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Brown Fat, Triggered by Cold or Exercise, May Yield a Key to Weight Control (nytimes.com)
79 points by mhb on Jan 25, 2012 | hide | past | favorite | 46 comments

This isn't a particularly new claim - back when the fad weight loss supplement was ephedrine (or a "ephedrine/caffeine/aspirin stack") the purported mechanism was brown fat thermogenesis.


First I recall hearing about it was the mid-80s book Life Extension Weight Loss Program from megavitamin proponents Durk Pearson and Sandy Shaw. So this has been known of for a while.

It was also thought to be debunked because "adult humans don't have brown fat" - which, as this article makes clear, is more "don't have much". But better imaging techniques have brought brown-fat thermogenesis back around.

If you're trying to do this with vitamin/herbal supplements, I think the current trend is to use "bitter orange" instead of ephedrine. I find it's not very effective for me, but I wasn't a fan of ephedrine either.

The E/C/A stack isn't a "fad weight loss supplement". It's actually one of the few weight-loss methods that's been proven by many studies.

Meta-study: http://www.ncbi.nlm.nih.gov/pubmed/12672771

Scientific reasoning behind the stack: http://thinksteroids.com/articles/ephedrine-targeting-beta-a...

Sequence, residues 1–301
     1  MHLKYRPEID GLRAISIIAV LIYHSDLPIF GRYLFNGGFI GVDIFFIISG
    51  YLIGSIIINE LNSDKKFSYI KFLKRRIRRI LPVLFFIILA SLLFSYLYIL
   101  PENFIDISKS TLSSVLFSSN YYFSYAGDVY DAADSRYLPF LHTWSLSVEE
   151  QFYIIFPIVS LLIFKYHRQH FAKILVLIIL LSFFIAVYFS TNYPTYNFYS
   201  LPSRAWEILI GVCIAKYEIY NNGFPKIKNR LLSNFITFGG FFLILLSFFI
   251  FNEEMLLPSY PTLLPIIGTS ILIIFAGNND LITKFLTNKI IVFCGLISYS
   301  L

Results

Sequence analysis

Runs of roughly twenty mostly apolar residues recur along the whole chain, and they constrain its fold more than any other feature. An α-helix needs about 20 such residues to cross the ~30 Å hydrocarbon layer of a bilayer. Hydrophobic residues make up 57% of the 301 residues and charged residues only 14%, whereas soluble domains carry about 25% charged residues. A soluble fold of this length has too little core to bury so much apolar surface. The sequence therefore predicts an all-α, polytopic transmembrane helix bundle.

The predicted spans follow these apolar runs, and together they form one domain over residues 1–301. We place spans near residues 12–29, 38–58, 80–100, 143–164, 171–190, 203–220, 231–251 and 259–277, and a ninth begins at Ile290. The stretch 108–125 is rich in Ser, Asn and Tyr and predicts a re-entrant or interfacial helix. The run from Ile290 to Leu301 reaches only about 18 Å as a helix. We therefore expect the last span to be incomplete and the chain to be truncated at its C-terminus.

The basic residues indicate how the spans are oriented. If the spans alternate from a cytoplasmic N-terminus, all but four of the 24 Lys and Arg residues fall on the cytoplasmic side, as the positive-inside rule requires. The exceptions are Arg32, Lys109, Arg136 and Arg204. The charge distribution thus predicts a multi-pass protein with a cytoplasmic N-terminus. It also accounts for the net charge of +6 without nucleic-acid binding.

Is it related to what Tim Ferriss recommends in the Four Hour Body when he suggests to take cold showers?

IANAbiologist, but not from what I can tell. the brown fat burns calories over hours, whereas the purpose of the cold shower is to produce more testosterone. (Supposedly.)

Perhaps, but Daniel Duchaine recommended it first, back in 1996 in his book Body Opus.

Actually, his recommendation was swimming in cold water, which would probably be much more effective.

Way back when I was in Boy Scouts, I tested for my lifesaving merit badge in a mountain lake in October. In my opinion, anyone who has the self-discipline to do this regularly isn't going to have any problem lowering his weight whatever method he chooses.

Yes, the cold showers are supposed to be taken on the lower neck area which triggers the brown fat.

And/or ice packs on the upper back. I did it for a while and felt like it made a difference. Then I fell asleep with an ice pack on my upper back and got a patch of mild frostbite.

Ice Ice Baby!


While this is interesting, it's still early days. In the meantime, using a control system based on a caloric deficit and regular measurement of weight and caliper fat, combined with some weight training to prevent muscle loss, is still the best way to lose weight.

People spend too much time looking for a silver bullet. We already have lead bullets and they're plenty effective for 99.999% of cases.

Unfortunately that's not exactly the case.

While it's true that maintaining a caloric deficit will result in weight loss, determining the necessary deficit - and taking into consideration that you have to increase that deficit the more weight you lose - and then maintaining this is very difficult, especially for people who have lost a lot of weight.

A couple of years ago I lost about 100 pounds. Just to maintain that weight loss I have to limit myself to around 2000 calories a day and run 80k a week. I'm trying to lose another 20 pounds, but that means eating even less and exercising even more.